But bravery does.
The challenge of work-life balance is a relatively new one, and it is an artifact of a world where you get paid for showing up, paid for hours spent, paid for working.
In that world, it's clearly an advantage to have a team that spends more time than the competition. One way to get ahead as a freelancer or a factory worker of any kind (even a consultant at Deloitte) was simply to put in more hours. After all, that made you more productive, if we define productivity as output per dollar spent.
But people have discovered that after hour 24, there are no more hours left. Suddenly, you can't get ahead by outworking the other guy, because both of you are already working as hard as Newtonian physics will permit.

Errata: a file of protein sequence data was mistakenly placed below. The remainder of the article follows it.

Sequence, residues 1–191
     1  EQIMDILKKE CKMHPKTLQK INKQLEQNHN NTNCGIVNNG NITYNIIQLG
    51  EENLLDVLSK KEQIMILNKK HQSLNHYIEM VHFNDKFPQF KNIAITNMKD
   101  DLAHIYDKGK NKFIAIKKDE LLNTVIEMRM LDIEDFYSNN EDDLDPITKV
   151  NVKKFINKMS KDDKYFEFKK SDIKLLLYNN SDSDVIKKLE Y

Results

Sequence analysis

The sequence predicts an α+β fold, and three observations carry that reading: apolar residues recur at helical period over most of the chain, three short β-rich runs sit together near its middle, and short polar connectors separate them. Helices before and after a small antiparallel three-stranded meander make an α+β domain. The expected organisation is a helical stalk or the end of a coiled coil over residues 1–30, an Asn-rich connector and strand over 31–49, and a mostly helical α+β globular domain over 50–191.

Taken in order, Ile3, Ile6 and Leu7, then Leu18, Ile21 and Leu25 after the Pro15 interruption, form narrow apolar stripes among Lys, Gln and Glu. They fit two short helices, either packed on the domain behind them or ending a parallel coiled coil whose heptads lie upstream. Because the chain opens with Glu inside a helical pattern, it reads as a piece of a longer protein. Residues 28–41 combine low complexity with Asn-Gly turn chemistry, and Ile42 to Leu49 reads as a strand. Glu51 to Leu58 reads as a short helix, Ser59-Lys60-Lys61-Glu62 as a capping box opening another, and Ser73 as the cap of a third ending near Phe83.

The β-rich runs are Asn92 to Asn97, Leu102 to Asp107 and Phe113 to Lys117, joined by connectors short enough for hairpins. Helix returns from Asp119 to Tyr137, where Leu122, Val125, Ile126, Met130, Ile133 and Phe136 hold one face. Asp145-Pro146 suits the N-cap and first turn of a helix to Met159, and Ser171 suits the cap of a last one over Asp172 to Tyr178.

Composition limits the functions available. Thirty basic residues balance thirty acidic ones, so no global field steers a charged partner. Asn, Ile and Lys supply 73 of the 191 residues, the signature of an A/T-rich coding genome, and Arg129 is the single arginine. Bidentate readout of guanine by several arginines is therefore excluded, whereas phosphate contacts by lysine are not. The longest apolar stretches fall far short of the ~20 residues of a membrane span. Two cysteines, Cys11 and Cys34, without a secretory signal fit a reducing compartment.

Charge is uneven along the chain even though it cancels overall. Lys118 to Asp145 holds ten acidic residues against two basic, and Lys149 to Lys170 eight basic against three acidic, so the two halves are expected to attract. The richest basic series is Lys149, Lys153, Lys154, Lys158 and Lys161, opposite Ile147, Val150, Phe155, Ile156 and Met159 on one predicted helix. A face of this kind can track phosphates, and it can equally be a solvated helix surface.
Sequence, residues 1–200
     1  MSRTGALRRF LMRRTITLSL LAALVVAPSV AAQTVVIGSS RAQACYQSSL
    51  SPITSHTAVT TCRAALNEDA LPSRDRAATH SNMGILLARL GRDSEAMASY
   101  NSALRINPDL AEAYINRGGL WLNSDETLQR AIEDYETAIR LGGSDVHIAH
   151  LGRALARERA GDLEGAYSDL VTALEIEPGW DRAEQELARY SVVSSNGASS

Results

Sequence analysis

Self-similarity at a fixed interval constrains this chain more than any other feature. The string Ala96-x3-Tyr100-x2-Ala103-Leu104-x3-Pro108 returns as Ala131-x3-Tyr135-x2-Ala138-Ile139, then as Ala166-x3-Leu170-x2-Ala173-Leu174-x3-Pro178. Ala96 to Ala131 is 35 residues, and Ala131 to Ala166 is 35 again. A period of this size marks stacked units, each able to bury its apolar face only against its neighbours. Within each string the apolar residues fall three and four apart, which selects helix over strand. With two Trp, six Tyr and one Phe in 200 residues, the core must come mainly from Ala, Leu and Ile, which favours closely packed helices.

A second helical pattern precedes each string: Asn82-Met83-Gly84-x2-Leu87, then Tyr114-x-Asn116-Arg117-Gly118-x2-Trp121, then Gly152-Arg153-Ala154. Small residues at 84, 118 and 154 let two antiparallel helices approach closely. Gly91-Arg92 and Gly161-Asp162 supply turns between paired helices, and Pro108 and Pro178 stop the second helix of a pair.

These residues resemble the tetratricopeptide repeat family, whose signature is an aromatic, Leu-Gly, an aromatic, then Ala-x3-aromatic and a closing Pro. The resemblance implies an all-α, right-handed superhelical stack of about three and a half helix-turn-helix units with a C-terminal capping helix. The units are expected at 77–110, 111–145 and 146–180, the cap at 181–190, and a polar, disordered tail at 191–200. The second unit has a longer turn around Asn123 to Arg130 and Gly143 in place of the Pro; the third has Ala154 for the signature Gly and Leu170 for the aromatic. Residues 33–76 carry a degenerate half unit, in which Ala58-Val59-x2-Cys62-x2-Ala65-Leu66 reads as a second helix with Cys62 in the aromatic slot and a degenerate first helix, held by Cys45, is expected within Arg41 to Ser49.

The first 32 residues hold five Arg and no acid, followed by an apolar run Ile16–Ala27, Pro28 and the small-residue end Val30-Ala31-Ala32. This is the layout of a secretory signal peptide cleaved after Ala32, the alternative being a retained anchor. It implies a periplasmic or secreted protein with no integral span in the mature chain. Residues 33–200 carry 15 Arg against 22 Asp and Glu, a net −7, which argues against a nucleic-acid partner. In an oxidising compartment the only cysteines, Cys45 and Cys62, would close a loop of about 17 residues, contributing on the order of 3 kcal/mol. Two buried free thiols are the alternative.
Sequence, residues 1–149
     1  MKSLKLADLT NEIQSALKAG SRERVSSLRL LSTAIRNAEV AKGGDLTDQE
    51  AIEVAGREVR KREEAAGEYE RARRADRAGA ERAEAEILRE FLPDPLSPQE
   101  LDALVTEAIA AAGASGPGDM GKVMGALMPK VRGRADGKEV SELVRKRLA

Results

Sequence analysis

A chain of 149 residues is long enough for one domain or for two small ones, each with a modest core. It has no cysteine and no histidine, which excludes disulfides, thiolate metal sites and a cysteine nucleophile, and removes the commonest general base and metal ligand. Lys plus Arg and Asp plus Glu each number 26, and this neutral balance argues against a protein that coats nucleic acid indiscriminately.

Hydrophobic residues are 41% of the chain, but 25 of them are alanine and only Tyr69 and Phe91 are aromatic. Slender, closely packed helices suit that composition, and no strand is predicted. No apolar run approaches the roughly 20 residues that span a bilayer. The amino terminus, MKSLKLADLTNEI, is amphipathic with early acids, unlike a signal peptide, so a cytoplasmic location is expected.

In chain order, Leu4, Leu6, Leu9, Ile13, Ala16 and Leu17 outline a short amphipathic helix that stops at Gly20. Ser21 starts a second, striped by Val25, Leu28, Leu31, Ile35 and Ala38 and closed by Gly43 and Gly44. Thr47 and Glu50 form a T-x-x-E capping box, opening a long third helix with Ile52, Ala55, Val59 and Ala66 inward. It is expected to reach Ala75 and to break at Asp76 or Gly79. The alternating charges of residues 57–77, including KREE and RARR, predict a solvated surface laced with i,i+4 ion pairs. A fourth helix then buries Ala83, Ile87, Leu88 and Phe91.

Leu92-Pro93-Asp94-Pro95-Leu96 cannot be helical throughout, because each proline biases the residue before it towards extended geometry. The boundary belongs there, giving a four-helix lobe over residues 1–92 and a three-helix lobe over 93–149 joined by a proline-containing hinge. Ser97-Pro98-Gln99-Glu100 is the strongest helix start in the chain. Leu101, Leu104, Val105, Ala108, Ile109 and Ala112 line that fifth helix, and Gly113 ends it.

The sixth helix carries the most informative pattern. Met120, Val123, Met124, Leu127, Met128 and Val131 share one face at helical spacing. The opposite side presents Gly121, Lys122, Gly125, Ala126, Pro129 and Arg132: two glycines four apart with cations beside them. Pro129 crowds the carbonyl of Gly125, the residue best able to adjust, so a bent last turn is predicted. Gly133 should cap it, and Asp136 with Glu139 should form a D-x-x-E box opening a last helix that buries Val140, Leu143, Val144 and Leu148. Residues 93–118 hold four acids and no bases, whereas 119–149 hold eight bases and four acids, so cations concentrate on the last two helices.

Just in time, the economy is now rewarding art and innovation and guts. It's rewarding brilliant ideas executed with singular direction by aligned teams on behalf of truly motivated customers. None of which is measured on the clock.
John Cage doesn't work more hours than you. Neither does Carole Greider. Work/life balance is a silly question, just as work/food balance or work/breathing balance is. It's not really up to you after a point. Instead of sneaking around the edges, it might pay to cut your hours in half but take the intellectual risks and do the emotional labor you're capable of.